Predictors of Length of Career After Hip Arthroscopy for Femoroacetabular Impingement in Professional Hockey Players.Am J Sports Med. 2016 Sep; 44(9):2286-91.AJ
Previous studies have shown that professional hockey players return to sport at a high rate after hip arthroscopy, although it is unknown how long players continue to compete at a professional level after surgery.
To determine the prevalence of athletes who continued playing in the National Hockey League (NHL) for a minimum of 5 years after hip arthroscopy for treatment of symptomatic femoroacetabular impingement (FAI) and to determine predictors associated with length of career.
Case series; Level of evidence, 4.
A total of 60 professional hockey players (69 hips) underwent hip arthroscopy for FAI by a single surgeon between 2005 and 2010. Data were retrieved from NHL.com and Hockey-reference.com regarding information on each player's professional career. Position played, age, surgical procedure, and intraoperative findings were also used in data analysis.
There were 12 centers, 15 defensemen, 16 goalies, and 17 wings studied. Of the 60 athletes, 40 (67%) continued to play professionally a minimum of 5 years after hip arthroscopy. As of the 2015 season, the mean length of a player's NHL career was 13.7 years (range, 2-27 years), with an average of 5.9 years played after hip arthroscopy. There was no difference in length of career or years played when goalies were compared with other positions (P = .760). Length of career and years played after arthroscopy correlated with age at surgery (r = 0.799 and -0.408, respectively). Players who played ≥5 years after arthroscopy were significantly younger than those who did not (25 vs 30 years; P = .001). Athletes who played <5 years after arthroscopy had a longer average duration of symptoms before surgery when compared with those who played ≥5 years (20.2 vs 9.3 months; P = .049). There were no differences in length of career or years played after arthroscopy based on type of labral treatment.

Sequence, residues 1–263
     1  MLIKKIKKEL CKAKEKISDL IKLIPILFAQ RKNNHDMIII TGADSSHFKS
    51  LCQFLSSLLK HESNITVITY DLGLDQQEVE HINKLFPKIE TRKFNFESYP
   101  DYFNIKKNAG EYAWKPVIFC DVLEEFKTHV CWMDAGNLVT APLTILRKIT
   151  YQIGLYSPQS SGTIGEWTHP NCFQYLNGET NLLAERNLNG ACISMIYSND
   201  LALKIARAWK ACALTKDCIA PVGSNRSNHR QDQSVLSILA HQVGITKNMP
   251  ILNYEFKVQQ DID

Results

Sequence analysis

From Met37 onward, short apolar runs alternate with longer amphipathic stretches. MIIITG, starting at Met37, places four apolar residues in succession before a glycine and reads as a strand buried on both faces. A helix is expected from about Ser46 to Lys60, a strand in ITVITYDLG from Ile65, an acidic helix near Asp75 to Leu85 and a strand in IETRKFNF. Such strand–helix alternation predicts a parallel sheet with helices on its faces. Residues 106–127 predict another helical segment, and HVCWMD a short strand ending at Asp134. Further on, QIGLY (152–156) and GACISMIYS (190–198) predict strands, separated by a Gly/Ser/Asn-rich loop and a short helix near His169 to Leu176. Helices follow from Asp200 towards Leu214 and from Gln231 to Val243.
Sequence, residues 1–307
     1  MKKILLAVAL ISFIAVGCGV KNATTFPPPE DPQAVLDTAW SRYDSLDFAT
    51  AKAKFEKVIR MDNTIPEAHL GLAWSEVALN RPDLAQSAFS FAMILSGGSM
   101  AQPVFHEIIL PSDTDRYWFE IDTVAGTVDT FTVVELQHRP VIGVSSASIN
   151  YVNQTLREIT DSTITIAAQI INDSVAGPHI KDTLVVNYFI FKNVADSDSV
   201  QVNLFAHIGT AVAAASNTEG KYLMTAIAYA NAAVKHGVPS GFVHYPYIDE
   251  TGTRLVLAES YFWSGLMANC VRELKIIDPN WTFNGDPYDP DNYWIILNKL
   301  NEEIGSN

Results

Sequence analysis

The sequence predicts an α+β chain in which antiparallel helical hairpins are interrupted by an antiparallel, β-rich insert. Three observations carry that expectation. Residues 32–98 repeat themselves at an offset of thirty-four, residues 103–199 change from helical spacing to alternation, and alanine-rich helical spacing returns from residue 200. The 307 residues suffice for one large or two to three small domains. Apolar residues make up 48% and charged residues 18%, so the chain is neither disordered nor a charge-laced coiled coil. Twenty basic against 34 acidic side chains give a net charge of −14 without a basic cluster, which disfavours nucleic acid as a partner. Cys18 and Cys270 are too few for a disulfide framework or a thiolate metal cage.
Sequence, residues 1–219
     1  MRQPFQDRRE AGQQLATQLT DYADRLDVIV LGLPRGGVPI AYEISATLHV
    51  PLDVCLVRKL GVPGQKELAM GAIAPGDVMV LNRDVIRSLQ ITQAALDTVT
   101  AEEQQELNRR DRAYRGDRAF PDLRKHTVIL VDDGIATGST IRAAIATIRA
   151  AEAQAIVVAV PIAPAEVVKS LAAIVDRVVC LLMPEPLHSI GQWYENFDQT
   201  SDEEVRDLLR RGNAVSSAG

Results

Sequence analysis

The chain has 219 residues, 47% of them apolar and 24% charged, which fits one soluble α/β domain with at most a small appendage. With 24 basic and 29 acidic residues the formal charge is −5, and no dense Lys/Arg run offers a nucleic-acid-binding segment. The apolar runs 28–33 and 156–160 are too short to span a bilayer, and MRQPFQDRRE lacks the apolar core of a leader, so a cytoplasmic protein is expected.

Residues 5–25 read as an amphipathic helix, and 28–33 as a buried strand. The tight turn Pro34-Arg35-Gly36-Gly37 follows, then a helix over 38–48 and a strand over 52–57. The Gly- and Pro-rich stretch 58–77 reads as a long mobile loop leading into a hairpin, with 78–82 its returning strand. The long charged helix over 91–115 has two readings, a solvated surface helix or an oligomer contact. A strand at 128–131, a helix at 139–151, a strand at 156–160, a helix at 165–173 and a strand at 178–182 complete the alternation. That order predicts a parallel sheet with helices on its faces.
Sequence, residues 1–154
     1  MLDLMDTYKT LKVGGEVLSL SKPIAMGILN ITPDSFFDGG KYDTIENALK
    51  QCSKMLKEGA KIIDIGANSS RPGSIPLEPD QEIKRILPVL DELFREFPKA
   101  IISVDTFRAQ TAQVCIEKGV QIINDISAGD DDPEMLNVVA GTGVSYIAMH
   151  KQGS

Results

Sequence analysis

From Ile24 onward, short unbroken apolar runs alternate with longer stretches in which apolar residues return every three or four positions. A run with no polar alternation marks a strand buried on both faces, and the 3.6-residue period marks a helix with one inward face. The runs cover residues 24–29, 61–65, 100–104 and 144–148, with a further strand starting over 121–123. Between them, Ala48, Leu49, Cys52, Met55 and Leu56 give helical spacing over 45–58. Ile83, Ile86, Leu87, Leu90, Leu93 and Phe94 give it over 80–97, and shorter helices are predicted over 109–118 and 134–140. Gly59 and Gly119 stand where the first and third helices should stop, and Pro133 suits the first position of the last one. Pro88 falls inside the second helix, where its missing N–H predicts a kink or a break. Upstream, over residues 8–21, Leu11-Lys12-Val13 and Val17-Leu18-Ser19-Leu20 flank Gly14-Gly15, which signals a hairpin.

Professional NHL players who underwent hip arthroscopy for FAI were able to continue playing for an average of 5.9 years after surgery, with 67% playing a minimum of 5 years postoperatively. Younger age and shorter duration of symptoms at time of surgery correlated with greater length of career and years played after hip arthroscopy. Players who did not play a minimum of 5 years postoperatively had significantly longer duration of symptoms before surgery. The study data support early arthroscopic treatment of professional hockey players with symptomatic FAI.